Business Writing Article
Al Borowski, MEd, CSP, PP
A collective body of
non-knowledge exists in American business.
This body of non-knowledge
has become the exclusive domain of a self-appointed group I call the Red Pen
Power Rangers. The Red Pen Power Rangers sprung up to protect a collection of
non-truths, myths, and academic hearsay.
Please do not confuse the Red
Pen Power Rangers with managers, supervisors, editors, proof readers or friends
who read your writing to correct or improve it. Managers, supervisors, editors,
proof readers or friends have every right to correct mistakes, add information
you may have forgotten, or take out sensitive information.
The Red Pen Power Rangers use
red pens to tell you what you cannot do. This chapter will tell you what you can
Yes you can:
End a sentence with a
That is one rule I definitely do not agree with. Please reread that last
sentence and check out how I ended the sentence. I ended it with a preposition.
If you find a rule in print that tells you ending a sentence with a preposition
is poor writing, call me; write me; fax me, e-mail me. I want to know if this
rule does exist in any book you have ever seen. For skeptics, please check
Rule 1080 of the eighth edition of the Gregg Reference Manual.
"I wish I had this writing
program two days ago. I wasted an hour yesterday trying to rewrite a sentence I
wrote that ended with a preposition. If I had known I could end a sentence with
a preposition, I would have saved myself an hour." That sentence comes from a
participant in one of my workshops.
Start a sentence with
Yes, you can start a sentence with the word, "because." Because you chose to buy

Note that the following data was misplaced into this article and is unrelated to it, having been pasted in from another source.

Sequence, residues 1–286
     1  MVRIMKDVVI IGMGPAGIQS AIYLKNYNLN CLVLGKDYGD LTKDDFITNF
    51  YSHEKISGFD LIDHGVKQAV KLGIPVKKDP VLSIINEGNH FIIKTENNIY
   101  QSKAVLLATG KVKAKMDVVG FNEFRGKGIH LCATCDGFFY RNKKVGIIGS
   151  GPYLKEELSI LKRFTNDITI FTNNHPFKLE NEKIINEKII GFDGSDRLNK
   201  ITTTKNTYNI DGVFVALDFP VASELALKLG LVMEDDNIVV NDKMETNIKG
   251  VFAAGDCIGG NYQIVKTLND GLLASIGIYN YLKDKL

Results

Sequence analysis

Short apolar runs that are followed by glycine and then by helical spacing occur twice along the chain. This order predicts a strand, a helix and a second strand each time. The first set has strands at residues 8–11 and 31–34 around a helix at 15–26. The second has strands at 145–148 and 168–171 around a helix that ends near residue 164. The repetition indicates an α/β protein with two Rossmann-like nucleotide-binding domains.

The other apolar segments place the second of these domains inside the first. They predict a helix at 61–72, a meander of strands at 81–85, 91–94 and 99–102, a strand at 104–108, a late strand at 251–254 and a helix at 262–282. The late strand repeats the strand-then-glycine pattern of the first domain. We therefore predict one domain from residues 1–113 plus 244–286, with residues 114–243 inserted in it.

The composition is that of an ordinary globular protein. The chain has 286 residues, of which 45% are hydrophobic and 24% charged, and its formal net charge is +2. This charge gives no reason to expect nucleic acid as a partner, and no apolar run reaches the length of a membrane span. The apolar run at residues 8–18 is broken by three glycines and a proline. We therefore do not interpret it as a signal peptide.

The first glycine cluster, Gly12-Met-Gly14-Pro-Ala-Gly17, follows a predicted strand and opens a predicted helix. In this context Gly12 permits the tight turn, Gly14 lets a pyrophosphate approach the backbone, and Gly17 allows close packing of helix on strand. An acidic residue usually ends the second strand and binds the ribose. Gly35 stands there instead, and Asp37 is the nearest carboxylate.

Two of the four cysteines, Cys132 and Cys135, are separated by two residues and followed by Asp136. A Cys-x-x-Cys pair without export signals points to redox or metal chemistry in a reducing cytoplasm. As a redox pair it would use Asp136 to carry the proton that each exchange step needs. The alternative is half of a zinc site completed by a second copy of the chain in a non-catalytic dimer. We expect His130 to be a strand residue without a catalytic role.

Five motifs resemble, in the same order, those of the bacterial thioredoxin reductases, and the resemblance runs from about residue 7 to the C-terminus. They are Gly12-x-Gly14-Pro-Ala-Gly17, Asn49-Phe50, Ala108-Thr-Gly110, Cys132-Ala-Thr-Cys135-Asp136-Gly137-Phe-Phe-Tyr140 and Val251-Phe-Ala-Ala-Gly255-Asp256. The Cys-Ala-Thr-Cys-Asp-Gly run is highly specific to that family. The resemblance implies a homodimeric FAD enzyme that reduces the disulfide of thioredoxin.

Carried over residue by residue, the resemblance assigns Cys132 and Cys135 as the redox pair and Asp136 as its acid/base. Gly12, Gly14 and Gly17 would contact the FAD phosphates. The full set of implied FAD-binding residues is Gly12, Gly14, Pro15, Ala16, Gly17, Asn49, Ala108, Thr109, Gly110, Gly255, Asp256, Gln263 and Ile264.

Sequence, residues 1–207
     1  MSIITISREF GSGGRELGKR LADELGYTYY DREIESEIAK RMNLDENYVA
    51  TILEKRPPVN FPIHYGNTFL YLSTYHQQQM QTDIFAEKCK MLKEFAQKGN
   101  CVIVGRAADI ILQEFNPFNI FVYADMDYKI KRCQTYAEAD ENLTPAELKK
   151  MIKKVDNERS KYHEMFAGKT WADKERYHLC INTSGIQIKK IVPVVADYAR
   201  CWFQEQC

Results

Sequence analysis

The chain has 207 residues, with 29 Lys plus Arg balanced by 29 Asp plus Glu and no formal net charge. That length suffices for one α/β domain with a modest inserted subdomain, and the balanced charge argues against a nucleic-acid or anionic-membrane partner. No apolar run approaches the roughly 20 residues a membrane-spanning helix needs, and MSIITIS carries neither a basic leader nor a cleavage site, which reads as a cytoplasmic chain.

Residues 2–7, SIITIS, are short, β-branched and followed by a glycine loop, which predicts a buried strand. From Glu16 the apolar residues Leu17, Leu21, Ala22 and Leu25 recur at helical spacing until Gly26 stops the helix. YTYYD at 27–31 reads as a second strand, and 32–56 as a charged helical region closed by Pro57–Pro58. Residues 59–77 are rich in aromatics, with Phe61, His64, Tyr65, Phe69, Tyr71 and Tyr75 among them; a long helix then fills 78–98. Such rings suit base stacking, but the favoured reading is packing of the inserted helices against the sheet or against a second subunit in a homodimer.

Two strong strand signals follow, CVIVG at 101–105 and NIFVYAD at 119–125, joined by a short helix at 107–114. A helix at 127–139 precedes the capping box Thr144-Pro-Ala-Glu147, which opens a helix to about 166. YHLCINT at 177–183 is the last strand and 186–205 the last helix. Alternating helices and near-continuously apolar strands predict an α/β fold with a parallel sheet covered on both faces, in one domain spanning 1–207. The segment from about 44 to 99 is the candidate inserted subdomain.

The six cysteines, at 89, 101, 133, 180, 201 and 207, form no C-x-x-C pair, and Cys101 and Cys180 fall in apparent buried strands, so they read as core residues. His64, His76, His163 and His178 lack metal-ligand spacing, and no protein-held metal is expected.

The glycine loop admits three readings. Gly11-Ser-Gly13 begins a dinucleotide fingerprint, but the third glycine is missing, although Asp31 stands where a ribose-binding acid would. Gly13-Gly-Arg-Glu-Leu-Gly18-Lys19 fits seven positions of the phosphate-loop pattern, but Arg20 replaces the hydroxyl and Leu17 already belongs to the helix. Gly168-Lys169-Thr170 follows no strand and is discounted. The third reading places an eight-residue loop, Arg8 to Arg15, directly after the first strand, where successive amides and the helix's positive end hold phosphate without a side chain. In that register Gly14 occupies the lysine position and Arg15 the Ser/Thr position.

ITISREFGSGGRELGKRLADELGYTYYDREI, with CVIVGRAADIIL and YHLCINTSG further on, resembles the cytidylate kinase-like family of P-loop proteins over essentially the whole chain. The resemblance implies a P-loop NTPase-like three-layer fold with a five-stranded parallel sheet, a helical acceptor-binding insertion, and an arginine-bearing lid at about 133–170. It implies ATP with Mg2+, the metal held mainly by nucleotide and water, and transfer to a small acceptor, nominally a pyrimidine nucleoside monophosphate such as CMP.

this book, you will learn to write faster and get better results. That last
sentence started with "because," and clearly communicated my guarantee to you.
Use one sentence
I find very little logic and no reasonable justification for forcing myself to
use two sentences when one will work. If you can convey an idea clearly,
completely and correctly in one sentence, please do so.
Please do not interpret my
words to mean that all paragraphs should be one sentence long. I suggest you
save the one sentence paragraphs for those ideas you want to express powerfully.
For example, I recommend you use a one sentence paragraph to begin an important
letter, memo, e-mail, report or proposal. This techniques allows you to start
with an idea that readers can focus on, read quickly and remember easily. Please
reread the sentence that started this article.
Use the same word twice
in the same sentence
If you send me a copy of a rule that appears anywhere in a popularly accepted
grammar book that tells you not to use the same word twice in the same sentence,
I will send you $100. Please tell me how I could have written that last sentence
without using the word "you" three times. Iím glad John F. Kennedy ignored that
non-rule. "Ask not what your country can do for you, ask what you can do for
your country." I hope you realize what you can accomplish when you let go of
some of the non-rules you learned.